5 skills you need to become a coach

Just started your coaching badges? Thinking about a move into management? We asked former Blackburn Rovers striker and current Chorley boss, Matt Jansen, what skills you need to become a coach

Treat players like individuals
It’s no use just talking to players as a group – you need to get to know them one on one and understand what makes them tick. I worked with Sam Allardyce at Bolton and he was fantastic at that. Terry Venables was the same; you could sit down with him and have a beer if you wanted to. It made the working relationship very comfortable. Some coaches are quite strict and regimented, but that doesn’t work for everyone. 

Rule with authority
Initially I was assistant manager and Garry Flitcroft was in charge. We had a good cop, bad cop partnership. He was a ranter and raver, and the players would come to me and tell me things rather than going straight to the manager. Since I’ve become boss I’ve had to get the balance right between being approachable and also keeping that gap, so the players know who is boss.  I don’t want to rule with fear, but the players need to be wary of p****** the manager off!

More after the break

Stay level
When you’re a player losing a game ruins your weekend, but as a coach it ruins your week.  I’ve learned you can’t get too high when you win or too low when you lose, otherwise you’ll burn yourself out. Like any job, coaching can be a grind. I could put on a nightmare training session because of things out of my control – I might have bad weather conditions or missing players – but I can’t let that affect me or I’ll lose authority. There is a lot of pressure in coaching – you have to learn to handle that if you want a long career in the game.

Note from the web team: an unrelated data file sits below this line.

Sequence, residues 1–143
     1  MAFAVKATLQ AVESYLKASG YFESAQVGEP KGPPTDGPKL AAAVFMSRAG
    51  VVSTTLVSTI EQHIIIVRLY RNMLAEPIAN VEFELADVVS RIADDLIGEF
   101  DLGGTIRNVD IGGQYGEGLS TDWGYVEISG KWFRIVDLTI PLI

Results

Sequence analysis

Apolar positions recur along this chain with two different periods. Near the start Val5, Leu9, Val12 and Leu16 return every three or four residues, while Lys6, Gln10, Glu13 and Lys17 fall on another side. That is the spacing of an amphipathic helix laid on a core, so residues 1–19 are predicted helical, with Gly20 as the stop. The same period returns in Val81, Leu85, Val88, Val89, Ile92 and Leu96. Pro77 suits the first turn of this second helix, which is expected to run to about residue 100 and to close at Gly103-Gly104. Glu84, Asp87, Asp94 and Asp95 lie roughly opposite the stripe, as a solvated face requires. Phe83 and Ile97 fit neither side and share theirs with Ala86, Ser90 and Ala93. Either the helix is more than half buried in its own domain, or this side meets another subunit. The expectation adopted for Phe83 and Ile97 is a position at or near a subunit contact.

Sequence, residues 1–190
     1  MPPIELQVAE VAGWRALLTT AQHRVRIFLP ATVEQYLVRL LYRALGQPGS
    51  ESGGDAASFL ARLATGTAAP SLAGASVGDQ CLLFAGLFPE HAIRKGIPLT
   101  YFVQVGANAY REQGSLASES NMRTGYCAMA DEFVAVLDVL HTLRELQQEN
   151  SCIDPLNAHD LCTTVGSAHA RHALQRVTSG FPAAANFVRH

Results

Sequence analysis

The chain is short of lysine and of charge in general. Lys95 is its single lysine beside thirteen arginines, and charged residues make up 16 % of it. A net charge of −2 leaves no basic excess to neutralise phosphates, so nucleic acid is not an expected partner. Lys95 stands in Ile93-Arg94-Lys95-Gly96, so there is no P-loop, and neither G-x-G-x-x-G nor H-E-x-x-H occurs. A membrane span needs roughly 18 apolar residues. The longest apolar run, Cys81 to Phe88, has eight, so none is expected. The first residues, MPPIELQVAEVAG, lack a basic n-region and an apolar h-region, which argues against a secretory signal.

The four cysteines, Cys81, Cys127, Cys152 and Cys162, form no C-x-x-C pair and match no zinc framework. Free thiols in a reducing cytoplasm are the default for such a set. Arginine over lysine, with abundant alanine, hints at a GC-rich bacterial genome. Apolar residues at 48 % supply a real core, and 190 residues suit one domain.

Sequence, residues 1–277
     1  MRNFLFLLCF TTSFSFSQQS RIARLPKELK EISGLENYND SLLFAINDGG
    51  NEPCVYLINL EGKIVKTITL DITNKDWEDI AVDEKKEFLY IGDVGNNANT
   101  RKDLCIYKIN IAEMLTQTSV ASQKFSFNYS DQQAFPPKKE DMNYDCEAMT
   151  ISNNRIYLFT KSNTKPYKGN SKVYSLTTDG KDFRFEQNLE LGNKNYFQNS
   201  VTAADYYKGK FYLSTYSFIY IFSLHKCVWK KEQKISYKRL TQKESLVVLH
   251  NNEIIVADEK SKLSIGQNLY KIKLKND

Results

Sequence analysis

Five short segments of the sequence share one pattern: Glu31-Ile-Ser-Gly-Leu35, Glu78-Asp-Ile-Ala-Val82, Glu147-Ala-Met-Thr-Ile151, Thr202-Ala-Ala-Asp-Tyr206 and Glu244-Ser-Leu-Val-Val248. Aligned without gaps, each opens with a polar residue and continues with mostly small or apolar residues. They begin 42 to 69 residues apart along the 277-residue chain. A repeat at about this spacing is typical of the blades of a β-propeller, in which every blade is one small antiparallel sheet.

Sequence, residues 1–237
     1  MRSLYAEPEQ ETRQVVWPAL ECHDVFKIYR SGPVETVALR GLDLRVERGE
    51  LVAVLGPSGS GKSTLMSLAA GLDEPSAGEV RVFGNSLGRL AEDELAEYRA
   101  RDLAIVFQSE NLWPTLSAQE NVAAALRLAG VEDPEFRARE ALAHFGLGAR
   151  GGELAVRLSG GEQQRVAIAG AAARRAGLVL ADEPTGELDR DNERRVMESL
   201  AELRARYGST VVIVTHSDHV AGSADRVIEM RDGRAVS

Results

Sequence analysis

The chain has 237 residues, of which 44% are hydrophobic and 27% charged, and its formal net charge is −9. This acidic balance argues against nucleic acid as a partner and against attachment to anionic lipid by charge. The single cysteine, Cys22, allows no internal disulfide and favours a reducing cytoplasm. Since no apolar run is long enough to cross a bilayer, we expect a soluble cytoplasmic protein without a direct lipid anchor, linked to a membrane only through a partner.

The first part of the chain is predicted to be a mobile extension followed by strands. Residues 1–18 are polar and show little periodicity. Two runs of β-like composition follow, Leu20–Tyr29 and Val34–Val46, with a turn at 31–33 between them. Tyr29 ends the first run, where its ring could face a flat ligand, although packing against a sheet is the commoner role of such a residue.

Be open to new ideas
I suffered a brain injury when I was in the prime of my career and became very depressed as I tried to get back to my best. Luckily, I had good managers who were willing to try new things to give me the best chance of recovery. I worked with a psychiatrist – Dr Steve Peters – years before he became known for working in football. Graeme Souness was my boss at Blackburn, and a little bit old school, but he was open enough to let me have treatment. 

Take risks
Courses are fantastic and allow you to speak to some very knowledgeable people about the art of coaching, but nothing beats experience. You need to throw yourself in at the deep end and really get a feeling for life on the touchline. I’ve found I’ve learnt the most from thinking about how previous coaches got the best out of me and then implementing my own ideas and seeing how players respond. If you don’t take the leap, you’ll never know if you can do it.

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